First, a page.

Working Together Stories
12-part series of drawings; sepia, white ink, black ink and watercolor
each 42 × 34 × 3 cm (framed)
Inv. No. 0156 a-l
Working Together Stories is the title Nedko Solakov chose for his 12-part series of drawings. Each sheet deals with a different form of community, which is usually characterized by means of a dialogue or by highlighting a certain situation: while #5 confronts us with God who is being asked questions by a man and #12 introduces a medium-size universe and one of its galaxies, #1 explores the relationship between a draftsman and the seven guards of an unfinished drawing by the artist. The sheets’ range of tones is reduced, yet the grain of the paper lends the colors a particular luminosity. A handwritten English text, which has a more than merely descriptive function, is to be found at the bottom of each work. The stories Solakov, a native of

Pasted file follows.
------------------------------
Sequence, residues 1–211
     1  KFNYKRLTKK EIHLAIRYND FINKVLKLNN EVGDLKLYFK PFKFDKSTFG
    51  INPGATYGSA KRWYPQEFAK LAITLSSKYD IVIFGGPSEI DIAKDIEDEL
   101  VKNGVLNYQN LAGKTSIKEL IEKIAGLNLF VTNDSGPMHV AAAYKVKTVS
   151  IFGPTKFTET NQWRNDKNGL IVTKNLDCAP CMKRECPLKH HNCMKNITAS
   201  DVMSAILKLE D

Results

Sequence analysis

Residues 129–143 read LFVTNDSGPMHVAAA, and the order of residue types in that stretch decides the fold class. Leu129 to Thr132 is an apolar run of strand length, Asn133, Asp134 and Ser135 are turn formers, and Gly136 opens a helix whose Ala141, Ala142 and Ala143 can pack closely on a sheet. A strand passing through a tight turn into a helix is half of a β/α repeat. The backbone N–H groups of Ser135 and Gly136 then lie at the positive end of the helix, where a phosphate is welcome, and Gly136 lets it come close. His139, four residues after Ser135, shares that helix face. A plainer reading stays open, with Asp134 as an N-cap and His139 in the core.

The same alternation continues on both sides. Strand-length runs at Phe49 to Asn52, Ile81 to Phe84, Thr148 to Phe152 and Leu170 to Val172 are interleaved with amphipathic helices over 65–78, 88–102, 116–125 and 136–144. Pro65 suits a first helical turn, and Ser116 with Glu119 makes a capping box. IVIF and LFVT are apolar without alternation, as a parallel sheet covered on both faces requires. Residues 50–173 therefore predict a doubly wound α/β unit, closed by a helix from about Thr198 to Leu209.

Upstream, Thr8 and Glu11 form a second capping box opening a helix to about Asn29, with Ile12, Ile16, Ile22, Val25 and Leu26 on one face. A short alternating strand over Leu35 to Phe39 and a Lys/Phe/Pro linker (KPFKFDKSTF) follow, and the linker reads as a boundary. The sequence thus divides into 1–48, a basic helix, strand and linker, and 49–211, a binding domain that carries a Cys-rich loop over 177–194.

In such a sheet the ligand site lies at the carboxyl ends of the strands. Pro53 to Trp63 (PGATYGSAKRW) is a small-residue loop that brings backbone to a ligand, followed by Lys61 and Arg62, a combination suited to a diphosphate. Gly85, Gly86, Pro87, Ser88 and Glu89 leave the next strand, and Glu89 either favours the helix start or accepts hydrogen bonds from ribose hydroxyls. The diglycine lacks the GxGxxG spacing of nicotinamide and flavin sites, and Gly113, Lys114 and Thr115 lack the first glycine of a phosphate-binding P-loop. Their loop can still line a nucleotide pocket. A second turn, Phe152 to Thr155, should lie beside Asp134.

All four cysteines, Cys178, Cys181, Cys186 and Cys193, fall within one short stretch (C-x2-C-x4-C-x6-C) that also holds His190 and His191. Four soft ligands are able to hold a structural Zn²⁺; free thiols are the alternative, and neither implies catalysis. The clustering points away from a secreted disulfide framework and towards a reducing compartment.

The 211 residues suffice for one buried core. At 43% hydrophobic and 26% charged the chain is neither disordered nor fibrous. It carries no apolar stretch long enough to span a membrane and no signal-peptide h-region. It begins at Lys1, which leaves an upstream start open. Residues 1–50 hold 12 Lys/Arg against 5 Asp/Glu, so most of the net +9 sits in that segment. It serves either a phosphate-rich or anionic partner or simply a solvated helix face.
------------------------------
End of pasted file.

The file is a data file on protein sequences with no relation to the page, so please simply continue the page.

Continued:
The multi-media artist’s three-part video installation Domestic Limits (1998), for example, which is to be found in the evn collection since 2005, raises universal questions, too. Various Bulgarian everyday things are wrapped up into two compact balls in some kind of domestic procedure. The sphere is a symbol of completeness or, reminiscent of the cosmic egg, for the entirety of this world’s possibilities. Solakov’s Working Together Stories also explore issues concerning such complex subjects as man, the universe, divinity, and life on earth. The unity of image and text not least visualizes communication, which is the foundation for a social coexistence of even the most diverse species in this case and unfolds in a process of mutual understanding and learning.
Though sheet #2 of the Working Together Series outlines the relationship between two groups of beings with the words “Two communities work very well together. Luckily, neither of them knows about the other one”, the picture leaves no doubt that they are inseparably linked with one another in spite of their ignorance of the other’s existence. The viewer will not only derive comfort from this, though, but may likewise be driven to despair at it.
Heike Maier-Rieper, 2011 (translation: Wolfgang Astelbauer)Continue reading